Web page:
Frequent freeze–thaw cycles yield diminished yet resistant and responsive microbial communities in two temperate soils: a laboratory experiment


  • Editor: Gary King

Correspondence: Blaž Stres, Department of Animal Science, Biotechnical Faculty, Chair for Microbiology and Microbial Biotechnology, University of Ljubljana, Groblje 3, 1230 Domžale, Slovenia. Tel.: +386 1 7217 869; fax: +386 1 7241 005; e-mail:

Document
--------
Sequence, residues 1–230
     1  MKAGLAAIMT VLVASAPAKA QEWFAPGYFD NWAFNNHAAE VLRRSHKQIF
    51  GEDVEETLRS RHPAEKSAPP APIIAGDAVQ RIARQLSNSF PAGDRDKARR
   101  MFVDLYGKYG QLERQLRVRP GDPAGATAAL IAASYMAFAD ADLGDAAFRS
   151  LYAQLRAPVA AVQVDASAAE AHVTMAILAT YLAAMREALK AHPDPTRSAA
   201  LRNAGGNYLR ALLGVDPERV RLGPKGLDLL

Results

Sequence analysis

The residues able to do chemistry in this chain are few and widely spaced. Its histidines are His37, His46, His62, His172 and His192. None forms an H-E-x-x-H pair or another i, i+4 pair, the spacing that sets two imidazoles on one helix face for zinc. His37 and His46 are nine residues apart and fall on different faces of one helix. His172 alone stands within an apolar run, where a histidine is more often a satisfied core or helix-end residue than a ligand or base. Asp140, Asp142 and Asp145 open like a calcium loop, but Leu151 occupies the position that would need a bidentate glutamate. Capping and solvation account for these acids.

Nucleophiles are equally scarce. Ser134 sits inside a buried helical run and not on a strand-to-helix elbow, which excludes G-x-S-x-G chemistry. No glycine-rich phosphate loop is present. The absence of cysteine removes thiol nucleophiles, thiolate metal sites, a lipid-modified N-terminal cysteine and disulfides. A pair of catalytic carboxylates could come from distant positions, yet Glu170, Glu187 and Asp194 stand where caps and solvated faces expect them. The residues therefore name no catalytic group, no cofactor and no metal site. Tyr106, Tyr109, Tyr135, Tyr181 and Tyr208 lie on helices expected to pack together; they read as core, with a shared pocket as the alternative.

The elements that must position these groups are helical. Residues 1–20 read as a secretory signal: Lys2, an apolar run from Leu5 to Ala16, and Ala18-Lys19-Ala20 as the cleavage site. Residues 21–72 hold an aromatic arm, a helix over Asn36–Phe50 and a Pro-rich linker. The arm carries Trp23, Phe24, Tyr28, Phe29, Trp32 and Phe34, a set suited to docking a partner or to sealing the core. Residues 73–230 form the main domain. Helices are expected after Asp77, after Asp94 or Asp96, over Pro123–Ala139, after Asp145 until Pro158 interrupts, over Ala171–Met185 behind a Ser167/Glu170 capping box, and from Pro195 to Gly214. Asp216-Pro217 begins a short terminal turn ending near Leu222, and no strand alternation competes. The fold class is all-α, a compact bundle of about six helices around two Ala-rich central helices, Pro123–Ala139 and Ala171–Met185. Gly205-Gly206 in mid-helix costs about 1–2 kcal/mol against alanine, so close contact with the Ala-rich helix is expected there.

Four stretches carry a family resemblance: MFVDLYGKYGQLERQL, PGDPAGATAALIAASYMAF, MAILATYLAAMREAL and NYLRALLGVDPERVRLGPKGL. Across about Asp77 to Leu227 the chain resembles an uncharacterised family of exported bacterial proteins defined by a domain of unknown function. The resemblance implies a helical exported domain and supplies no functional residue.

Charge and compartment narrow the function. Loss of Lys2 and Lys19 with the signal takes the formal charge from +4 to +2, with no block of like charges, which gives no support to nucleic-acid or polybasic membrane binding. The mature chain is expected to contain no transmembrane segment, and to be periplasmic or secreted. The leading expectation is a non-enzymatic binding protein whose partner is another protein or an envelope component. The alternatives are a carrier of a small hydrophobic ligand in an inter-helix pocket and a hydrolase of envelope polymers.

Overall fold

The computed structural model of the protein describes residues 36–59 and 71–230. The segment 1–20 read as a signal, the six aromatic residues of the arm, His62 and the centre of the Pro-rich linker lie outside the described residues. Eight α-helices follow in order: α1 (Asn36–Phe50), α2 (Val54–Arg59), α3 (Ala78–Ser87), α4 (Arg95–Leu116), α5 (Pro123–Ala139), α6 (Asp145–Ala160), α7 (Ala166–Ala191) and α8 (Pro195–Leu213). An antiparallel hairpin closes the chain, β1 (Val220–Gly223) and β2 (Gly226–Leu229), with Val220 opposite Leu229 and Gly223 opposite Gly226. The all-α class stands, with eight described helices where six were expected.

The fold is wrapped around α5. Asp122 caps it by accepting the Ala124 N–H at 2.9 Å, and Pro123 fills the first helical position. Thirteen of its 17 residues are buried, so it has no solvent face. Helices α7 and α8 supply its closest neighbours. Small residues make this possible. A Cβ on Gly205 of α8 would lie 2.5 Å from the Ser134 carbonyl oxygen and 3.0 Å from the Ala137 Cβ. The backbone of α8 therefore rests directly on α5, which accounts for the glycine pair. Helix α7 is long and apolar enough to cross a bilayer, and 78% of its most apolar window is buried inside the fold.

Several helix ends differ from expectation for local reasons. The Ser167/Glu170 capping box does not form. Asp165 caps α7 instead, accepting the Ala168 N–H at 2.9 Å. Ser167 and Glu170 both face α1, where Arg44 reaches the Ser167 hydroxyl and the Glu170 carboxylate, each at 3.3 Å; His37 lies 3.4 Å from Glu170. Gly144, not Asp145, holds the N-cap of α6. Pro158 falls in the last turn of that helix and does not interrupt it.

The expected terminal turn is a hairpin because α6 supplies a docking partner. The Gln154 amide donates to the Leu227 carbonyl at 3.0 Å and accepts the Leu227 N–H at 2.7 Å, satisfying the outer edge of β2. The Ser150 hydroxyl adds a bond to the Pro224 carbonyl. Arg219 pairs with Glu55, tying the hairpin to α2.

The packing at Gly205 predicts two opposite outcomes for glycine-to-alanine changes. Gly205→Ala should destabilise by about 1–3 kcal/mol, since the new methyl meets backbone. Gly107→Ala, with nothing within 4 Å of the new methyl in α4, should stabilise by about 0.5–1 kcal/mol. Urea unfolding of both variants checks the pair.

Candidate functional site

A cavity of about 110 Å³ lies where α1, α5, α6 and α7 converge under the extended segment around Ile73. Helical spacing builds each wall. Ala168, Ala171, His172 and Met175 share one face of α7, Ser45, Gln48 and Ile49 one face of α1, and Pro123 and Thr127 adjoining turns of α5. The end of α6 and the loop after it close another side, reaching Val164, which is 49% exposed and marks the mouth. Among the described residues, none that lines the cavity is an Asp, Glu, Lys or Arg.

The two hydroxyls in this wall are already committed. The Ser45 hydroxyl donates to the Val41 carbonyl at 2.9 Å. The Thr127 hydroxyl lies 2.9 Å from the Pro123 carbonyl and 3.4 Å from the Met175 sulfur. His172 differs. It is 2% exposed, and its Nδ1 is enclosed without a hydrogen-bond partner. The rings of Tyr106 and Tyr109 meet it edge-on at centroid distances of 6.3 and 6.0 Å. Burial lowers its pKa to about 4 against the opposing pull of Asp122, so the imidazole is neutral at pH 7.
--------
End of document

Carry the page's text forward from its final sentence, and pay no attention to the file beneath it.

Few studies have been conducted on adaptations of microbial communities to low and fluctuating temperatures using environmentally relevant conditions. In this study, six Himalayan and two temperate soils were selected as candidates for low-temperature/freeze–thaw (FT)-adapted and susceptible soils, respectively. Redundancy analysis with forward selection was used to create a model of environmental parameters explaining variability in the initial microbial abundance and 4 °C activities. The best predictor was soil carbon, explaining more than 74% of data variability (P=0.002), despite significant differences in the soil characteristics and environmental history. We tested the hypothesis that the reproduced Himalayan FT fluctuations select physiologically similar communities in distinct soils. Microcosms were experimentally subjected to two separate 50 and 60 FT cycle (FTC) experiments. A significant decrease in abundance, 4 °C basal respiration and drastic rearrangements in community-level physiological profiles (CLPP) were observed in microcosms with temperate soils until 40 FTC. CLPP remained distinct from those of the Himalayan soils. Minor changes were observed in the Himalayan soils, confirming that microbial populations with physiological traits consistent with the noncontinuous permafrost conditions reside in the Himalayan soils, whereas the surviving temperate soil microorganisms actively adjusted to novel environmental conditions.